Nasdaq trading resumed at 3:25 p.m. EDT after being halted shortly after noon because of problems with a quote dissemination system. The Nasdaq composite rose in afternoon trading.
The disruption sent brokers scurrying to figure out what went wrong and raised new questions about the pitfalls of computer-driven stock trading.
Nasdaq said it wouldn't be canceling any open orders, but that customers could cancel orders if they wanted to.
The Nasdaq shutdown appeared to occur in an orderly fashion and didn't upset other parts of the stock market. One stock that did take a hit was the parent company of the exchange, Nasdaq OMX. That stock fell $1.07, or 3.4 percent, to $30.48 in heavy trading even as the broader market rose.
Thursday's Nasdaq freeze echoed earlier stock market snafus, such the sudden plunge in stocks in May 2010 that came to be known as the "flash crash" and the glitch-plagued initial public offering of Facebook last year.
In Washington, President Barack Obama and Treasury Secretary Jacob Lew were being updated on the situation. The Securities and Exchange Commission said it was in "close contact" with the exchanges.
The days of stock brokers in colorful jackets, roaming the floor of the stock exchange, are fading. Now, powerful computer programs dominate trading by sifting through reams of data and executing trades in fractions of a second. That makes trading faster and, arguably, more efficient. But it also introduces more possibilities for errors that can jolt the entire market.
Last year, BATS Global Markets tried to go public on its own exchange but had to back out after a computer error sent the stock price plunging to just pennies. Facebook's public offering last spring was also error-riddled, as technical problems kept many investors from knowing if their trades had gone through and left some holding unwanted shares. And in April, the Chicago Board Options Exchange shut down for a morning because of a software problem.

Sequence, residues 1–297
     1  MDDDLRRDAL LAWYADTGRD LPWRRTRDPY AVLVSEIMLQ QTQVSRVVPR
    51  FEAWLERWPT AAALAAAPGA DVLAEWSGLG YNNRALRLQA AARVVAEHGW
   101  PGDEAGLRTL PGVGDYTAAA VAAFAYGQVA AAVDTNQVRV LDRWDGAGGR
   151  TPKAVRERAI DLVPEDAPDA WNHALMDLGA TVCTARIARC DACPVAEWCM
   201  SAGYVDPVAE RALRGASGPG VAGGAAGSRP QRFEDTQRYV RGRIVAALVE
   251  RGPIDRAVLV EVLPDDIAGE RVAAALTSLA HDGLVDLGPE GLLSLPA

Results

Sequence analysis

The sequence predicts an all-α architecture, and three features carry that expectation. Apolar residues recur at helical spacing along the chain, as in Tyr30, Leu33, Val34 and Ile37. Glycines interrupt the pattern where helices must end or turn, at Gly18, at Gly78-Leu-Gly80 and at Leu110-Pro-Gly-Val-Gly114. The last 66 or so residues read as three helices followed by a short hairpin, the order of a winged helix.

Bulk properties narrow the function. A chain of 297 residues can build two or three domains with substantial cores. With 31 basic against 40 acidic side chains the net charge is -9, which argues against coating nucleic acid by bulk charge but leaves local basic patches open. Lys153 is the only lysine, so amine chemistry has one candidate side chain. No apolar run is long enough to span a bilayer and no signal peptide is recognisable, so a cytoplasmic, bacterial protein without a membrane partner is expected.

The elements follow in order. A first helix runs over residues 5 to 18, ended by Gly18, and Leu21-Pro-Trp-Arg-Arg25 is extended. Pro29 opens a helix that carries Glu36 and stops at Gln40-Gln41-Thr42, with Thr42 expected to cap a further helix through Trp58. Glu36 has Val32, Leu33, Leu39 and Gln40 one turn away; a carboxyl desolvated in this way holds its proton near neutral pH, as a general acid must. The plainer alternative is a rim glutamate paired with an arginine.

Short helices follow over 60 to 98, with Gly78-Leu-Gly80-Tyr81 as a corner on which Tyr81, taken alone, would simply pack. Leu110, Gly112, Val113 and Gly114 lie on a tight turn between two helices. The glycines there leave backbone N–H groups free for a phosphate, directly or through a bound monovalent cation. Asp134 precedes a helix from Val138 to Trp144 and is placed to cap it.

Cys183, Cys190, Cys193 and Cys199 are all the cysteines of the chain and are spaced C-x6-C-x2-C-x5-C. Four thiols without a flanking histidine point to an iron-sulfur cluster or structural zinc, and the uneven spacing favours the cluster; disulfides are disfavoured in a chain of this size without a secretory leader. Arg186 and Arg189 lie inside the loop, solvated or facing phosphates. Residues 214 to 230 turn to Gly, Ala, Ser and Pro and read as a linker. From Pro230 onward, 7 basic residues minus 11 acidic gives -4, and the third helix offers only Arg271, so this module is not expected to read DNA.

And all that's to say nothing of the 2010 "flash crash," where the Dow Jones industrial average fell hundreds of points in minutes before eventually closing 348 points lower. It was one of the first major blips that brought the potential dangers of computer-driven, high-frequency trading into the public sphere.
"One of the things that we learned from the 'flash crash' ... is that it's better to stop trading and re-open in a fair and orderly manner than it is to have messy trading," James Angel, a finance professor at Georgetown University who specializes in the structure and regulation of financial markets, said.
"I think people are so used to the fact that every once in a while the power goes out and a computer crashes," Angel said. "As long as the trading is fair and orderly I don't think that's going to deter people from investing."
Trading glitches can also change fortunes. A technical bug spelled the end for Knight Capital as a stand-alone company, and marred its long-held reputation as a stellar risk manager, after it sent the stocks of dozens of companies swinging wildly on Aug. 1 last year. It also left Knight, which takes orders from big brokers like TD Ameritrade and E-Trade, on the hook for many of the stocks that its computers accidentally ordered. Knight teetered near bankruptcy and this summer was taken over by the high-speed trading firm Getco.
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